Fourth British title for hammer ace

Sophie Hitchon claimed her fourth-successive British hammer title on Saturday, to rubber-stamp her place at the IAAF World Championships in London next month.

Monday, 3rd July 2017, 6:00 pm
Updated Tuesday, 18th July 2017, 8:43 am
Britain's Sophie Hitchon celebrates after winning the bronze medal in the women's hammer throw final during the athletics competitions of the 2016 Summer Olympics at the Olympic stadium in Rio de Janeiro, Brazil, Monday, Aug. 15, 2016. (AP Photo/Lee Jin-man)

Hitchon finished with 67.58m at the World Championships Team Trials at Alexander Stadium in Birmingham, over four metres ahead of her closest rival Rachel Hunter of Ayr, who threw 63.27m.

Both claimed the required distance to qualify for next year’s Commonwealth Games on the Gold Coast, Queensland, but it was all about qualifying for the Worlds, and Hitchon will be there at the London Stadium, where she competed in the Olympic final in 2012.

She had already thrown the qualifying standard this season, passing the 71m mark in two competitions, a season’s best of 73.97m at the IAAF World Challenge Meeting in May in Kawasaki, Japan, before last Tuesday’s effort of 73.68m at the Golden Spike meeting in Ostrava, in the Czech Republic.

Her British title-winning throw was well down on those marks, as she acknowledged afterwards on her twitter page: “A lot more work to do but qualified to #REPRESENT @BritAthletics at World Championships”

Hitchon fouled in the first round in Birmingham, but soared into the lead with her second effort of 67.55m.

She backed that up with a throw of 66.97m in the third round, before a foul in the fourth.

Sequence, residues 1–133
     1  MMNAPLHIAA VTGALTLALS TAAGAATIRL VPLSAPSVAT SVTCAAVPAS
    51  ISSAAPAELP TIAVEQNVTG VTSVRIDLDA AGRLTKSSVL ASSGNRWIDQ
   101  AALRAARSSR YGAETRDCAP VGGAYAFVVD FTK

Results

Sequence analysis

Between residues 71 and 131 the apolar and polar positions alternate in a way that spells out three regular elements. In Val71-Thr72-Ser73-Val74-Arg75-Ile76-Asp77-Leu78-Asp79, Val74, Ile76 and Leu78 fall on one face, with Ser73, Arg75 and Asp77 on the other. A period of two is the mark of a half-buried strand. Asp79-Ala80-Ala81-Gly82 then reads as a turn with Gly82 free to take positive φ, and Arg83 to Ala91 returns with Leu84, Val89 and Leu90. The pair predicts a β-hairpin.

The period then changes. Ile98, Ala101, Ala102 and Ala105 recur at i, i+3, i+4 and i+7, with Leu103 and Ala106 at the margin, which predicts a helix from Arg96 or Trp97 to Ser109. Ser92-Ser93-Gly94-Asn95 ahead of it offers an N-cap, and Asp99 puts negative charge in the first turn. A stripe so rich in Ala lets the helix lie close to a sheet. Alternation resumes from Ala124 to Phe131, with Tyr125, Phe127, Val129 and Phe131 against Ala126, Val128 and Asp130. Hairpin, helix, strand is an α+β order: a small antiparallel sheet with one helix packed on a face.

She then extended her lead in the fifth round, going out to 67.58m, with her final effort hitting the net.

Sale’s Sarah Holt finished third behind Hunter with 61.53m.

Hitchon will go to London as one of British Athletics’ medal hopes, having finished fourth at the Worlds in Beijing with 73.86m.

She was again fourth at the European Championships in Amsterdam last July with 71.74m, before breaking her own British record to claim Olympic bronze in Rio a month later with 74.54m.

Hitchon now goes back to preparing for London, with all the focus on training and technique, as she said to me earlier this year: “It’s about training and results, which won’t happen unless you knuckle down.

“That’s the way I think about it, other people might think about it differently, but with throwing, it can be there one day, and not the next.

“It doesn’t feel the same, and there’s no explanation.

“I would like a little more consistency, and it is about trying to get that rhythm.

“If I can get close to last year, that will be great.

“I can only really do what I can do, and focus on that really. It’s about being the best I can be.”